The season opened with Felicity and Dig convincing Oliver to come back to Starling City and led to his decision that he wasn’t going to be a vigilante anymore. He was going to be a hero and the two people working at his side have more than demonstrated that they’re heroes too. But it’s not all gloom and doom and business in the arrow cave. There are plenty of humorous moments and bromance bonding and a certain chemistry that hints at something deeper than friendship. No matter what’s happening with these three, it’s fun to watch.

Worst Character: Lack of Female Development

Okay so this is not technically a character, but it’s a problem that the show doesn’t seem to be in any hurry to fix. Last season, one of our biggest issues was the lack of female character development and it remains a major problem. At first, it seemed like the writers struggled with women in general, but Sara Lance proves that’s not the case. She’s only been in a handful of episodes and she’s had better character development than the women we’ve known since the beginning of the series.

We know Laurel’s history, but she’s rarely given a purpose on the show. Thea matured from a bratty teenager into a responsible business owner, but we didn’t get to see any of it. We’re told that she’s different now, but her main purpose seems to be as a buffer between Oliver and Roy. Felicity is a great character, but we know nothing about her outside of Team Arrow. Does she have family? Where does she live? What was her life like before? The show hired three fantastic actresses for these roles and now it’s time to give these women more of a purpose that has nothing to do with the men currently in their lives.

Looking Ahead to 2014

Since The CW was kind enough to send out a screener, we already know what’s going to happen in the next episode and we’ll have teasers for it next week. In the meantime, feel free to check out the trailer.

Looking past 2×10, we hope the series continues on its current track of serialized storytelling and gives characters more opportunities to shine. More than anything, we’d like to see Laurel, Felicity and Thea get chances to be more fleshed out and to have journeys of their own.

Now it’s your turn. We want to know which stories, characters and episodes you loved and hated. What grade would you give the first nine episodes? What’s on your wish list for the rest of the season? Hit the comments and share your thoughts with us!

Arrow returns Wednesday, Jan. 15 at 8/7c on The CW.

Mandy Treccia
Mandy Treccia has served as TVSource Magazine’s Executive Editor since 2016, formerly as Editorial Director from 2012-2016. She is an avid TV watcher and card carrying fan girl prone to sudden bursts of emotion, ranging from extreme excitement to blind rage during her favorite shows and has on more than once occasion considered having a paper bag on hand to get her through some tough TV moments. Her taste in TV tends to rival that of a thirteen-year-old girl, but she’s okay with that.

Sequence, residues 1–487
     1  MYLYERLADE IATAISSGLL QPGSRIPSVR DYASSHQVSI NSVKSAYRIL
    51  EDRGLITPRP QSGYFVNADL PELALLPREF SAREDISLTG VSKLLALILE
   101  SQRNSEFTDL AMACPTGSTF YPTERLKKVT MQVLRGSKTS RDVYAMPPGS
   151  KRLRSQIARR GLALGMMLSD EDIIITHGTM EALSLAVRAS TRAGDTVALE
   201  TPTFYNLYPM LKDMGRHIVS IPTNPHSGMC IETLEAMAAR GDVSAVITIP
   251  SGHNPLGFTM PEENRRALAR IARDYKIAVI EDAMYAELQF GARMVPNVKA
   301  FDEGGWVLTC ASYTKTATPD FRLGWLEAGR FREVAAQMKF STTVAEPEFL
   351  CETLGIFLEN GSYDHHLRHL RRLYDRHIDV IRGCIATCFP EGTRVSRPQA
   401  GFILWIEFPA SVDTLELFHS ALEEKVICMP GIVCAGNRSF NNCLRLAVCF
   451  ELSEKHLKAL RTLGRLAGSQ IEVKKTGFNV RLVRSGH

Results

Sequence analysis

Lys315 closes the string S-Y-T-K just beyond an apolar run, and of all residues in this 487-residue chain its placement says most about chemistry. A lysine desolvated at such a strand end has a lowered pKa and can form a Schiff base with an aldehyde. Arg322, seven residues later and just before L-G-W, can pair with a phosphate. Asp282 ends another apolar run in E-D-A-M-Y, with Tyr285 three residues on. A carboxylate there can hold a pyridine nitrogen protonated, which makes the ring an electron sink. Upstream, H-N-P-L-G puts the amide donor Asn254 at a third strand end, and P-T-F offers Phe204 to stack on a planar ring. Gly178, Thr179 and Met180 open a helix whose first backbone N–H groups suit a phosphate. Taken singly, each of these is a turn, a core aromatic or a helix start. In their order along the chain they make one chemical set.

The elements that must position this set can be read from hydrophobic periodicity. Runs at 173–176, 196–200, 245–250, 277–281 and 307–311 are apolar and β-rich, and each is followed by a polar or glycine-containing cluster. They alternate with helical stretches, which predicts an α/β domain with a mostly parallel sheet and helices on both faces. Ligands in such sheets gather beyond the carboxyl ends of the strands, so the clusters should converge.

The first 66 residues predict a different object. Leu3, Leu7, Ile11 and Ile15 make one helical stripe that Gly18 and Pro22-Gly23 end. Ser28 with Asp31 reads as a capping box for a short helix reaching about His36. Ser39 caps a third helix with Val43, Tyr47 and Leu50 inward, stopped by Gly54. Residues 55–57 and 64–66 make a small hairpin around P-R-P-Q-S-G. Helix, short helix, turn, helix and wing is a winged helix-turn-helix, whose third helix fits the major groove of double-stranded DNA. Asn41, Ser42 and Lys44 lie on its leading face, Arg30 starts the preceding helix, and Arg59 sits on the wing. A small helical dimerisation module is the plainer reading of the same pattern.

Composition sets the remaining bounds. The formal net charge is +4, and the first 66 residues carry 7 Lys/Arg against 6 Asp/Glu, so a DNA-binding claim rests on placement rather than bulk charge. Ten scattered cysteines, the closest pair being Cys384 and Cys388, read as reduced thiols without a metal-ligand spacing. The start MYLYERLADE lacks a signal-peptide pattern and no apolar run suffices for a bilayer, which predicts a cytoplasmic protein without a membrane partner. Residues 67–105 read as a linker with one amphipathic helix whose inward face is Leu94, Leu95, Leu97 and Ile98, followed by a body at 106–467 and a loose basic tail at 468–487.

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  1. Thank you! And I think you’re totally right. It’s next to impossible to like every single aspect of a show all the time. I don’t think there’s ever been a show that I loved every second of. I also think you’re right about Laurel becoming BC and how it will never feel as authentic as Sara. For me, I think the biggest mistake was having Laurel on the show from the beginning as Oliver’s first love. I think it would have been better to bring the character in later or have them be strangers and she was already BC. But what’s done is done so all I can hope for is that they will come up with something semi-believable and entertaining for her. Thanks for reading and sharing your thoughts!

  2. I really love your assessment of the show. I completely agree with most of what you stated. Here’s my problem. I like Sara as Black Canary, she has the background/history and the moves to actually back it up. I just can’t see Laurel Lance as Black Canary in a believable manner. It’s literally comparing the training of a highly skilled professional killer to that of a woman trained in self defense at the local YMCA! Seriously. And a few months off screen is not going to change this. And unlike you, I think I’ve given up all hope on ever caring about her character as I once did. And maybe that’s OK. Is it ever possible to love every single aspect of a show? I am stoked about the action Arrow delivers without fail, and I adore team Arrow. All aspects of their dynamic. I love the Diggle/Oliver bromance. I super love what’s going on with Oliver and Felicity, and I’m smitten with the Diggle and Felicity scenes. I mean, Diggle actually wants to empower her to defend herself and trained with her. That’s so Diggle. This ALL works well, all aspects. So maybe that’s enough? I just think that there is no conceivable way for them to transition Laurel into the Black Canary that Sara is. But I also feel that everyone should have something they love about the show, so I’m just hoping this minor nuance is not something that will inevitably cause me to cringe and turn the channel. So I’m going to give the show an A. It would have been an A+ but I’m still underwhelmed by Laurel. Even Roy & Thea are growing on me a bit.